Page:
Ximenia americana

Enhalus seagrass flower

seashore pandan


Semakau Survey 2005
26 June 2005
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preliminary results
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Preliminary results
summary | plants | birds | fishes| other intertidal animals

Rare plants in the mangroves
The survey of the mangroves identified 74 species of plants.

Of these, four were among plants listed as endangered in Singapore. Among them is the Seashore Bat Lily (Tacca leontopetaloides) which so far has only been recorded in Pulau Semakau for Singapore.

Other special plants include Api-api jambu (Avicennia marina) a mangrove tree, Combretum tetralophum a shrub, and the Seashore mangosteen (Garcinia hombroniana).

Many of the species we came across are considered rare in Singapore.
Status as indicated in Ng, P. K. L. & Y. C. Wee, 1994. The Singapore Red Data Book: Threatened Plants and Animals of Singapore.

Endangered: in danger of immediate extinction and survival unlikely if factors causing the decline of the species is not reduced or eliminated.

Vulnerable/Rare: likely to move into the 'endangered' category in the near future if threats to its survival are not reduced or eliminated.

Indeterminate: known to be 'endangered' or 'vulnerable' but there is not enough information to determine precise category.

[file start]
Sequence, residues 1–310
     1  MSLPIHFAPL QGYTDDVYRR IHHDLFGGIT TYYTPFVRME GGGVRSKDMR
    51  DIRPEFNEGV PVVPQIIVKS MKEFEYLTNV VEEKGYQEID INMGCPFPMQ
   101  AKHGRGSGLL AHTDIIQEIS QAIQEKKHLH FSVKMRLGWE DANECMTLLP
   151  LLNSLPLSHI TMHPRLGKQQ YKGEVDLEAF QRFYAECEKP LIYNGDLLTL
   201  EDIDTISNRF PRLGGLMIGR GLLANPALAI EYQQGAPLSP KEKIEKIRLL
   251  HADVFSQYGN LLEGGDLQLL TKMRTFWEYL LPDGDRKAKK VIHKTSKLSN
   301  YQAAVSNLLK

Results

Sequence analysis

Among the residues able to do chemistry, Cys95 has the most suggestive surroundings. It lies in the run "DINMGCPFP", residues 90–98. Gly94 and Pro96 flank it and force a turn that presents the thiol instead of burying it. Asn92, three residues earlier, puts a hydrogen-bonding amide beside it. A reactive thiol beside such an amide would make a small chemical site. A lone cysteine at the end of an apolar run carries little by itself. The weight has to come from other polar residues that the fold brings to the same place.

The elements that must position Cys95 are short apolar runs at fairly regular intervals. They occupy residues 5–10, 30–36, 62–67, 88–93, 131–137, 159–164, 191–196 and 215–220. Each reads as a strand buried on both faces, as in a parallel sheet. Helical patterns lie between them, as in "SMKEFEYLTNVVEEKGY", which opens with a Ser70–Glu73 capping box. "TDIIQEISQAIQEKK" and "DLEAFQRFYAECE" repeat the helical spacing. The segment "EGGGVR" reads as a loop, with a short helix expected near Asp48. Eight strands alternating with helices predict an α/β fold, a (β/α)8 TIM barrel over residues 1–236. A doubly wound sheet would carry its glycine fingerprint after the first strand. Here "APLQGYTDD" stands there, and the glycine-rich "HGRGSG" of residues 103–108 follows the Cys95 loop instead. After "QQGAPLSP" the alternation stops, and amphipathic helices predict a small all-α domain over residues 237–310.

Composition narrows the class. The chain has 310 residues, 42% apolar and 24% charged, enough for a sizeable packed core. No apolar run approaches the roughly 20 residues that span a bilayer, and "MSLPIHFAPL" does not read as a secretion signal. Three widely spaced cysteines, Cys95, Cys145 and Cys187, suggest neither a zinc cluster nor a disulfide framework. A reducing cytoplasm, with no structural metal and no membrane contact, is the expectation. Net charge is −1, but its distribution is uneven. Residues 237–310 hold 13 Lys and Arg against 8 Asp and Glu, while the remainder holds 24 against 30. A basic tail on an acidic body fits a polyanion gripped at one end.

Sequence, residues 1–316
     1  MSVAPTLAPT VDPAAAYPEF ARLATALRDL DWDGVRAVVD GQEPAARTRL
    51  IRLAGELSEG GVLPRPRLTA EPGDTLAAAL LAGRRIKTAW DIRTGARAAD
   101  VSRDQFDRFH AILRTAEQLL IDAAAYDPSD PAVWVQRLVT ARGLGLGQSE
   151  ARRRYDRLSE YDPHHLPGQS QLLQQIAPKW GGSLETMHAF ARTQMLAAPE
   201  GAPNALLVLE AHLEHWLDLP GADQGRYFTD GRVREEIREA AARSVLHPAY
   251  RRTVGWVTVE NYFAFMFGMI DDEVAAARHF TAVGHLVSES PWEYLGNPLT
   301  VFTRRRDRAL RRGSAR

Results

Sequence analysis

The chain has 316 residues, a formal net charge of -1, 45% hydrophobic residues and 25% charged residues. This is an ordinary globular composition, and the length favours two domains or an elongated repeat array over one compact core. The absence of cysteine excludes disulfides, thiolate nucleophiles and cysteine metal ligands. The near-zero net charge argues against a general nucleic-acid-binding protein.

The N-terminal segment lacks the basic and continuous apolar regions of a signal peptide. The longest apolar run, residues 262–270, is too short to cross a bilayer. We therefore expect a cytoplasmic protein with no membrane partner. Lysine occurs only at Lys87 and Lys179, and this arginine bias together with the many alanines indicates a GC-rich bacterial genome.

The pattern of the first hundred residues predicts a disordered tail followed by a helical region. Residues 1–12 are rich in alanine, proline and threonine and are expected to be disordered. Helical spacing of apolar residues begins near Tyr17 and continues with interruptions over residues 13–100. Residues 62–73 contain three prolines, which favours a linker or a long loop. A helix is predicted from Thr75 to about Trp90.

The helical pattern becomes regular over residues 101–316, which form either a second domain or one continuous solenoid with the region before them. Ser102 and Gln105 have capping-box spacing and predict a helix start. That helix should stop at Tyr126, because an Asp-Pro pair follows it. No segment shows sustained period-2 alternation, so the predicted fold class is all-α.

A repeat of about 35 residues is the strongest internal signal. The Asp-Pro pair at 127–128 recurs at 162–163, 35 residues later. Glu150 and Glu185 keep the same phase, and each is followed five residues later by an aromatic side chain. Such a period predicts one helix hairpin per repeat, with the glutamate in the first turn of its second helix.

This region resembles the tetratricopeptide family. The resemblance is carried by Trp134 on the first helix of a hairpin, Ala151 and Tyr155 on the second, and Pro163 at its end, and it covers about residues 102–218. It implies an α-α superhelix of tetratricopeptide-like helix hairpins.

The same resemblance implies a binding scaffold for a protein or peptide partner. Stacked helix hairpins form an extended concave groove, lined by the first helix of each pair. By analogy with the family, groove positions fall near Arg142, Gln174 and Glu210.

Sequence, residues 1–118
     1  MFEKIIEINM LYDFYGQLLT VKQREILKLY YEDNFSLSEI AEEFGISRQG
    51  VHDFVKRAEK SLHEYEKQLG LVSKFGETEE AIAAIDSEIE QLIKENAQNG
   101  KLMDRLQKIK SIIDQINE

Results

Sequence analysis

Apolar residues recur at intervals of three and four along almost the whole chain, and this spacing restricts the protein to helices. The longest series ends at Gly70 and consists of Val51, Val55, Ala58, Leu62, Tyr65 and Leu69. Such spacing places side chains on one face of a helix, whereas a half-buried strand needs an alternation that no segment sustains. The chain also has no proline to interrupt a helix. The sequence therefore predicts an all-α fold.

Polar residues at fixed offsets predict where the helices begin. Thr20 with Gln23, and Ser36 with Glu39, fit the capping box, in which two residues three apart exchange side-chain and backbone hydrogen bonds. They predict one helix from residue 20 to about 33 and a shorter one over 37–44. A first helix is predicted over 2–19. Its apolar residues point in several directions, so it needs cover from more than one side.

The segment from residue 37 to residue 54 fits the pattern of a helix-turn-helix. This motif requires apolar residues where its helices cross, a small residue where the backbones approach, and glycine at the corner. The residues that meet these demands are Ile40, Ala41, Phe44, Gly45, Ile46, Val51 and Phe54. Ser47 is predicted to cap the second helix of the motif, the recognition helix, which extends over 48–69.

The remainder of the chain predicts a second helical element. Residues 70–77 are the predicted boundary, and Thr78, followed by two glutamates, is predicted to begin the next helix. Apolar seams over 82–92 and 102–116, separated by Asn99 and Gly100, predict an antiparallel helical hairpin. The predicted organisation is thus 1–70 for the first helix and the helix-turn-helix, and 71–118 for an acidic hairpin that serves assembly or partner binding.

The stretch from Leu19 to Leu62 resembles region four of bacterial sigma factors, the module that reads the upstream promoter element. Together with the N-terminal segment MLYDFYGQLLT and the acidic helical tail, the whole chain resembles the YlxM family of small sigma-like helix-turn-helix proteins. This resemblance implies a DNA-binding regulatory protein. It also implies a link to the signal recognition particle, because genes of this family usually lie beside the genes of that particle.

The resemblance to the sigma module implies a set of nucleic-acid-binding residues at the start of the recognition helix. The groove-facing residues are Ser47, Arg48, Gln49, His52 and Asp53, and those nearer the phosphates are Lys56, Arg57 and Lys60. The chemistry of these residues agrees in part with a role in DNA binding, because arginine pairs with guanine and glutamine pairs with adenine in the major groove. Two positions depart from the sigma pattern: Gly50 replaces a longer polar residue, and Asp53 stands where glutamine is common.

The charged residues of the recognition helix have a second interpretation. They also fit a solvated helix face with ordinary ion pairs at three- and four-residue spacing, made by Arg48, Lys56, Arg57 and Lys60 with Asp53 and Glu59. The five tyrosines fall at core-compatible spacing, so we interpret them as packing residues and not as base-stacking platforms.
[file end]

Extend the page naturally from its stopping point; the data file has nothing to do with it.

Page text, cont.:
Vast seagrass meadows
Semakau also has vast stretches of Tape seagrass (Enhalus acoroides) which is considered rare and vulnerable in Singapore. Tape seagrass makes up the bulk of the seagrass meadow at Semakau. This seagrass meadow stretches the whole side of the island we were surveying. Seagrass meadow also ocurred where there was a slight depression in the topography of the flat, hence its always submerged. The meadow with its thick cover of seagrasses, makes it an ideal habitat for juvenile fish mainly because it provides protection from predation.

Theree other kinds of seagrasses were seen. Syringodium isoetifolium occurs intermittently within the Tape seagrass meadow. The other two seagrasses, Spoon seagrass (Halophila ovalis) and Needle seagrass (Halodule sp.) tend to occur in sandy areas which are exposed at low tides.

Rare animals on the intertidal shores
In previous surveys by smaller teams, we also came across many animals that are considered rare, vulnerable or endangered. These include Giant Clams and some varieties of corals.

How is Semakau compared to Chek Jawa?
The two shores are quite different. Semakau has vast stretches of coral reefs which Chek Jawa does not. And the seagrass area in Semakau comprises mostly of Tape seagrass, while Chek Jawa's seagrass lagoon has a variety of other seagrasses and Tape seagrasses are only found in smaller patches there.

Much more work needs to be done to better document the amazing wildlife on Pulau Semakau.

Besides the survey of 26 June, smaller teams of 12 made quick 1-2 hour visits during daylight low tides on 14 Dec 04, 12 Jan 05, 9 Mar 05, 10 Mar 05.

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